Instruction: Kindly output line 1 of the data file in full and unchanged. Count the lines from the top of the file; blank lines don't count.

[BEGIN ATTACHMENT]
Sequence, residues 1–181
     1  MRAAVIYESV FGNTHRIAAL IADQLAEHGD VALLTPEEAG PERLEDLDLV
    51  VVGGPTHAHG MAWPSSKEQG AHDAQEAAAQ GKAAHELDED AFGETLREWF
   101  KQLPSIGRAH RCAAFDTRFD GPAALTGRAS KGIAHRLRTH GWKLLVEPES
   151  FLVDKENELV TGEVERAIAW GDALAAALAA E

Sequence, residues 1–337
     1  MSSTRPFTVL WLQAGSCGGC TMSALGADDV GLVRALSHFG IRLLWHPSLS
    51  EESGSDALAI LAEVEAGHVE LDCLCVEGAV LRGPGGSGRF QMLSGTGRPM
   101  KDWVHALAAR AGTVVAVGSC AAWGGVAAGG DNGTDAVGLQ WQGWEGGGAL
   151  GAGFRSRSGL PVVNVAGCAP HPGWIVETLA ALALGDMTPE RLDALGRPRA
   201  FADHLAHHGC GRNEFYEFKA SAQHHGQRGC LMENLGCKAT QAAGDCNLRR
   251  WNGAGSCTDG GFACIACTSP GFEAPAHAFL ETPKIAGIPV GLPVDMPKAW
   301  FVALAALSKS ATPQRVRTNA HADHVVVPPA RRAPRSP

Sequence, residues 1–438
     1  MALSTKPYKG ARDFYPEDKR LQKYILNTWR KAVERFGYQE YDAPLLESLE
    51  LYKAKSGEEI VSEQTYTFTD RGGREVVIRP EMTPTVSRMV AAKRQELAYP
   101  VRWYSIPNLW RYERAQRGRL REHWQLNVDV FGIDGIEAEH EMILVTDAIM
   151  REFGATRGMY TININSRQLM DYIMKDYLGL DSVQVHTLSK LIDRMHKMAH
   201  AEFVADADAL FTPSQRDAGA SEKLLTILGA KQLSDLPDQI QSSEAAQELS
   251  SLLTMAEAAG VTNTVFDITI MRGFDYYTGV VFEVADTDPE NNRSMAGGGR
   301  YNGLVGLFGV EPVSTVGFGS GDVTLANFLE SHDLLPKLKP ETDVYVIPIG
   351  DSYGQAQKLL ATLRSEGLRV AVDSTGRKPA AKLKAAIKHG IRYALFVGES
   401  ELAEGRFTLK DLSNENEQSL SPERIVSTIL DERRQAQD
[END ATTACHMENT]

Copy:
Sequence, residues 1–181